The misappropriation of a trade secret may now be enforced in the federal courts. On May 11th President Obama signed the Defend Trade Secrets Act of 2016.
Previously, entities seeking relief for the misappropriation of their trade secrets had to resort to their state courts and state law. Although 48 states have adopted the Uniform Trade Secrets Act in some form, as with any state statute, each of those state’s courts could interpret that state’s version of that Act differently. The exception to this was if you could show diversity jurisdiction, i.e., that the parties involved in the theft of trade secrets were from different states but in many cases trade secrets are stolen by an employee or a local competitor and in those cases federal court relief is unavailable.
This has now changed under the Defend Trade Secrets Act which provides a federal civil remedy for the misappropriation of trade secrets. Note that it does not preempt any preexisting state law remedies. For this reason, a party seeking judicial relief for the misappropriation of trade secrets needs to consider differences in statutes of limitation, attorney’s fees and other available damage relief and make a decision as to whether to file suit in state or federal court.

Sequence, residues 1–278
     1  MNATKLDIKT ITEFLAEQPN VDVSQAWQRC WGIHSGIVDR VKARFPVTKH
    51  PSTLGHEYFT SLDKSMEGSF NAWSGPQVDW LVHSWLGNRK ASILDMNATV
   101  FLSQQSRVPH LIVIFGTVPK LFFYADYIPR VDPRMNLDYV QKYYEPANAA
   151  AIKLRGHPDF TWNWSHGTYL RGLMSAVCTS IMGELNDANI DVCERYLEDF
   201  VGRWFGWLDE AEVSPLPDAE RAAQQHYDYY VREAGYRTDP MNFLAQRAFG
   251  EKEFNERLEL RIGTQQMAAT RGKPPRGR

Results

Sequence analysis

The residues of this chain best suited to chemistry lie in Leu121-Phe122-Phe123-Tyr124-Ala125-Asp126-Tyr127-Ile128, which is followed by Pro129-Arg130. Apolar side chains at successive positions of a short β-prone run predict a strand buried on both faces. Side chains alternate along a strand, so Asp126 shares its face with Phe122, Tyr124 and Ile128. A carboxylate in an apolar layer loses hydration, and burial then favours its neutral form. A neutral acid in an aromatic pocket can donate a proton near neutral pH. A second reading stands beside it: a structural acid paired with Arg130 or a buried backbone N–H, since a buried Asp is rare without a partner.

The Federal Defend Trade Secrets Act provides that, “An owner of a trade secret that is misappropriated may bring a civil action if the trade secret is related to a product or service used in, or intended for use in, interstate or foreign commerce.” There is a three-year statute of limitations from the date on which the misappropriation with respect to which the action would relate is discovered or by the exercise of reasonable diligence should have been discovered.